Progress in the diagnosis and management of canine hypothyroidism (Proceedings)


Canine hypothyroidism is one of the more common endocrine diseases seen by small animal clinicians. As thyroid screening has become more frequently utilized, practitioners have become more aware of the frequency with which hypothyroidism occurs.

Canine hypothyroidism is one of the more common endocrine diseases seen by small animal clinicians. As thyroid screening has become more frequently utilized, practitioners have become more aware of the frequency with which hypothyroidism occurs. Because thyroid disorders typically respond well to treatment and carry a good prognosis, it is important for the clinician to be aware of the common clinical signs as well as the unusual manifestations of canine hypothyroidism and to routinely screen patients with suspected or potential thyroid disease.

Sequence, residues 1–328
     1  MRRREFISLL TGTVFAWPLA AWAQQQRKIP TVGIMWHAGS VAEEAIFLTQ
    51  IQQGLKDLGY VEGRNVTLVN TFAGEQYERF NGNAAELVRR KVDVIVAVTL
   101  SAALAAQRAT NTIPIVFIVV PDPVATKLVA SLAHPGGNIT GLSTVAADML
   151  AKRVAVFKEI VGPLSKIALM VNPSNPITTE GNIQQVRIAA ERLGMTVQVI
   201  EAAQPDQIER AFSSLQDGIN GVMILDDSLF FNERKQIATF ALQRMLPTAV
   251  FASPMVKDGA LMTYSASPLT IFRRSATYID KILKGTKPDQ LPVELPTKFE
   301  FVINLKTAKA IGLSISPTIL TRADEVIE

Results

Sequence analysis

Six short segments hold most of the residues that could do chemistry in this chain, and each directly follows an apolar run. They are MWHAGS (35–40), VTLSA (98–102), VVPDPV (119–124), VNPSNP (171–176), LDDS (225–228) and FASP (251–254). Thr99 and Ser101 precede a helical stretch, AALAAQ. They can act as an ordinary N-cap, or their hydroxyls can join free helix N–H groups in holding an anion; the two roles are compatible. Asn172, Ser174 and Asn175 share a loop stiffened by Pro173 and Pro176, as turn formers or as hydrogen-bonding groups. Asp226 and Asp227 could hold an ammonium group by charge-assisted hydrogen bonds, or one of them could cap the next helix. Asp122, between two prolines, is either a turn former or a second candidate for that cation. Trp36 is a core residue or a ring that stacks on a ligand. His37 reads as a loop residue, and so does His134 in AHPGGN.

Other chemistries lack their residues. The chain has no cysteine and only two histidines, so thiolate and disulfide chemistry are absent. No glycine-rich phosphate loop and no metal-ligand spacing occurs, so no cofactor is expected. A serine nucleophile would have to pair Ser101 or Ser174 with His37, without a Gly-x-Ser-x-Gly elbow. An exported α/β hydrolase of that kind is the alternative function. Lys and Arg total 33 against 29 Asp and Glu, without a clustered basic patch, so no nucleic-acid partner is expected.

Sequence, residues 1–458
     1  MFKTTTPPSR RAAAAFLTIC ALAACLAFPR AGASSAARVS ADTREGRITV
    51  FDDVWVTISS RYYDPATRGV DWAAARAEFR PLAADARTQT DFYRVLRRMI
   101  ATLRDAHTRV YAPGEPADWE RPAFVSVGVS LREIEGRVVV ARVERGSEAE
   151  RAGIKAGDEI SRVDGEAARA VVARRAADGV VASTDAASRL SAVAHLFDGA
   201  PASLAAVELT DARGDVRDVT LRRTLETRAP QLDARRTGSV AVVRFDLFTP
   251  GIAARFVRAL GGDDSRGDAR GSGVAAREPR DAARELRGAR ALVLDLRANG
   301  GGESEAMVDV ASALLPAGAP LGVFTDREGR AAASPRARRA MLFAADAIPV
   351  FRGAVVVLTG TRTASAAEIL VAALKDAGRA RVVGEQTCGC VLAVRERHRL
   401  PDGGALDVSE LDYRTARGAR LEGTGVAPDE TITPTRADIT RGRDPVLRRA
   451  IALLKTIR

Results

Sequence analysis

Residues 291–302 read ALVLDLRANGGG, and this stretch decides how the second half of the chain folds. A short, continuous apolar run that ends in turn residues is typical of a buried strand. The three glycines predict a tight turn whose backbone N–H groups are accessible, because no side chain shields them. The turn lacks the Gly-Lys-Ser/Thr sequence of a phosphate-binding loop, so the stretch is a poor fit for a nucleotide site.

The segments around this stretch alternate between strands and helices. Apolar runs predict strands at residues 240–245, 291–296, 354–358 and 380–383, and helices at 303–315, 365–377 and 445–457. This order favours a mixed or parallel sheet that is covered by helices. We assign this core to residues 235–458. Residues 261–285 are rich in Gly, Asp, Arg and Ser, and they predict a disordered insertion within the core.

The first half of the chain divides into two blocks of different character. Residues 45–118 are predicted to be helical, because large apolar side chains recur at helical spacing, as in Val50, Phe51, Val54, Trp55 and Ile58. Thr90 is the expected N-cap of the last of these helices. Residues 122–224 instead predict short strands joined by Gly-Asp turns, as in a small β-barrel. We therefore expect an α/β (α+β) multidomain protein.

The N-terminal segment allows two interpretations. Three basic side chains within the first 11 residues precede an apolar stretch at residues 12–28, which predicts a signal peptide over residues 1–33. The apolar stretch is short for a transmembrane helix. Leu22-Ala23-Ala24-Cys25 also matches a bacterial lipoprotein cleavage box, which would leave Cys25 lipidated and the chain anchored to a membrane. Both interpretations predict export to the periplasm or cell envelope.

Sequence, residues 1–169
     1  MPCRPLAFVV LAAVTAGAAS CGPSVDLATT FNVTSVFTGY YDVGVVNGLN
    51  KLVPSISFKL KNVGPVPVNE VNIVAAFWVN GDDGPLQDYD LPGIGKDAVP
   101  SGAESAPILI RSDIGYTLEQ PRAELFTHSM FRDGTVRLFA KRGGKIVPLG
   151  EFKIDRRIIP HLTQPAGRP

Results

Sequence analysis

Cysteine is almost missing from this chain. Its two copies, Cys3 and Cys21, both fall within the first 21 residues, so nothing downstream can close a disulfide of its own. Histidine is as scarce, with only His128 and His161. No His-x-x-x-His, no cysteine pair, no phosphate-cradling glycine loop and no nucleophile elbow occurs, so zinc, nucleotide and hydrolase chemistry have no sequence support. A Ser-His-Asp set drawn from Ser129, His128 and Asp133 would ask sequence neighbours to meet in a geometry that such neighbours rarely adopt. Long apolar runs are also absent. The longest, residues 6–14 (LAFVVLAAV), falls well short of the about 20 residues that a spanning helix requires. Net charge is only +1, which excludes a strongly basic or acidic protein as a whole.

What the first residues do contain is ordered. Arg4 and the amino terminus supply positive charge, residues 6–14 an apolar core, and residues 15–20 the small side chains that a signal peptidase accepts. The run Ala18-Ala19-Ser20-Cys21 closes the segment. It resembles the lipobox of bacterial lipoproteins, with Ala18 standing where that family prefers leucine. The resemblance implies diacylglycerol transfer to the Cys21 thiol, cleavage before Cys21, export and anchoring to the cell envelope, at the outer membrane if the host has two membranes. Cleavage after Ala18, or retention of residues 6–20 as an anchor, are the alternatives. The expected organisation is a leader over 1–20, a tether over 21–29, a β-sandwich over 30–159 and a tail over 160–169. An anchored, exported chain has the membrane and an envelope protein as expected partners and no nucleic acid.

Testing for canine hypothyroidism is indicated in dogs with historical and clinical signs consistent with hypothyroidism; potential candidates for thyroid screening include dogs with unexplained lethargy or weight gain, poor haircoat, recurrent skin or ear infections, chronic seborrheic dermatitis, elevated cholesterol, cold intolerance, neuromuscular disorders or behavioral changes. In addition, the overall incidence of canine hypothyroidism is such that T4 determination may be included as part of a routine canine geriatric screening panel. In-house T4 testing can offer a convenient alternative for the determination of T4 levels for the diagnosis of canine hypothyroidism and for monitoring T4 levels during therapy.